The present invention provides a system and method for partitioning a video into a series of semantic units where each semantic unit relates to a generally complete thematic topic. According to an exemplary embodiment of the present invention, this goal is achieved by exploiting multiple media cues including audio and visual information and text cues.

FIG. 3 is a block diagram of a video partitioning system for partitioning a video into a series of semantic units according to an exemplary embodiment of the present invention. The video partitioning system is generally designated by reference number 300, and partitions an incoming video sequence 302 into a plurality of semantic units, referred to herein as “macro-segments” 314, wherein each macro-segment relates to a generally complete thematic topic.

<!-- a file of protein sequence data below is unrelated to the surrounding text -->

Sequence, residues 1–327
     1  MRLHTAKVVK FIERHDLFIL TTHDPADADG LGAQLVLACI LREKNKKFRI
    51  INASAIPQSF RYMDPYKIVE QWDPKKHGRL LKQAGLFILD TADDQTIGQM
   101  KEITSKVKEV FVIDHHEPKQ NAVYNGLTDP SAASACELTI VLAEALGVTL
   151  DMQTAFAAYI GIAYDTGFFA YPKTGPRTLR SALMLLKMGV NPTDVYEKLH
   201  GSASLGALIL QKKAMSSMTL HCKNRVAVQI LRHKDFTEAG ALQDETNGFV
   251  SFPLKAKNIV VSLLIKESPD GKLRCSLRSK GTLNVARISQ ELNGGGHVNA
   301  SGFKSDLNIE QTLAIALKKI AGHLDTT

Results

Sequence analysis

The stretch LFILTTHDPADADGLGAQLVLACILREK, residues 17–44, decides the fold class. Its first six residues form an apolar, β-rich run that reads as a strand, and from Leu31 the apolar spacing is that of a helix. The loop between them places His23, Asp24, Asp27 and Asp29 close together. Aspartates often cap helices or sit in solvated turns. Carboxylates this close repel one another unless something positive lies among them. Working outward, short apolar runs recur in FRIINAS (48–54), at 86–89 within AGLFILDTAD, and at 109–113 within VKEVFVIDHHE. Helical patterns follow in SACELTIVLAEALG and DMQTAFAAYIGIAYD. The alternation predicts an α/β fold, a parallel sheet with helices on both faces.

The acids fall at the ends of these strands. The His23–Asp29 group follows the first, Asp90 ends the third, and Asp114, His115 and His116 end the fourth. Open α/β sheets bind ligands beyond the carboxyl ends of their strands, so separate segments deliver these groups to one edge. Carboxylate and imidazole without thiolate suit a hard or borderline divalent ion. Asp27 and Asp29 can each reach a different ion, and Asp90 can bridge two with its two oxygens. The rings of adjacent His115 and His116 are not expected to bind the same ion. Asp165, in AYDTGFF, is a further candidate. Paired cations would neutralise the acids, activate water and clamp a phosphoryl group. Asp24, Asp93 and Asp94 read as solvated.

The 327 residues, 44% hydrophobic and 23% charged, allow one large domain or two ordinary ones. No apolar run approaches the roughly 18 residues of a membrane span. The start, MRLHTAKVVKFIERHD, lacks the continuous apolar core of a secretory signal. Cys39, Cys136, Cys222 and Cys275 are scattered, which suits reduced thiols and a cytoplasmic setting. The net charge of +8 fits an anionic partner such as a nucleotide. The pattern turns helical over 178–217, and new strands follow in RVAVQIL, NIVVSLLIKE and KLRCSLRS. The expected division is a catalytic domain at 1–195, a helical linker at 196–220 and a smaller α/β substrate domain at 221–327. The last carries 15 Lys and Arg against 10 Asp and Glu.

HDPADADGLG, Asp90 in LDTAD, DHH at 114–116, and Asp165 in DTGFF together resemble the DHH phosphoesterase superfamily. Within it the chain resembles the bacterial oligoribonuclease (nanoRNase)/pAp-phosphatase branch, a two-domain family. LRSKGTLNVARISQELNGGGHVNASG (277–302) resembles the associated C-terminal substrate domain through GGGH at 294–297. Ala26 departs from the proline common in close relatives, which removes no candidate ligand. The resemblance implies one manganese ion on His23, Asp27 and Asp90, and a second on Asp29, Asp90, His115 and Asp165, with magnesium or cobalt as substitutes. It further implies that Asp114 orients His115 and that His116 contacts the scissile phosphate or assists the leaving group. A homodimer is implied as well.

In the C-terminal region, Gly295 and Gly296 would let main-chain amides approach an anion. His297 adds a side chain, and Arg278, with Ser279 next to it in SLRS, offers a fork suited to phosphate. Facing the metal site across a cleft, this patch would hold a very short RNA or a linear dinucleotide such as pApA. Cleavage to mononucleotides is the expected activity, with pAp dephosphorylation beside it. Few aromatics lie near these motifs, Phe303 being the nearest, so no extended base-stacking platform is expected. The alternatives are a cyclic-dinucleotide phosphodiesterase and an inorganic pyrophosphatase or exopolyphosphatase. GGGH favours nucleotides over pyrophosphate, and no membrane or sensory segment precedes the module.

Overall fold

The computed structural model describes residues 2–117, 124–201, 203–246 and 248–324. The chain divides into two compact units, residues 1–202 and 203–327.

As shown in FIG. 3, video partitioning system 300 includes a segmenting unit 304 for segmenting incoming video sequence 302 into a plurality of homogeneous segments, referred to herein as “micro-segments”, audio/visual content analyzing and integrating unit 306 for analyzing the audio and visual content of video sequence 302 and for integrating the results of the analysis, and speech recognizing and transcript generating unit 308 for generating a transcript of what was spoken in video sequence 302. Keyword extracting unit 310 extracts keywords for every micro-segment using the generated transcript and semantically related segments of the video sequence are detected and merged together to form macro-segments 314 by micro-segment detecting and merging unit 312, using the results of both the audio/visual content analysis and the keyword extraction.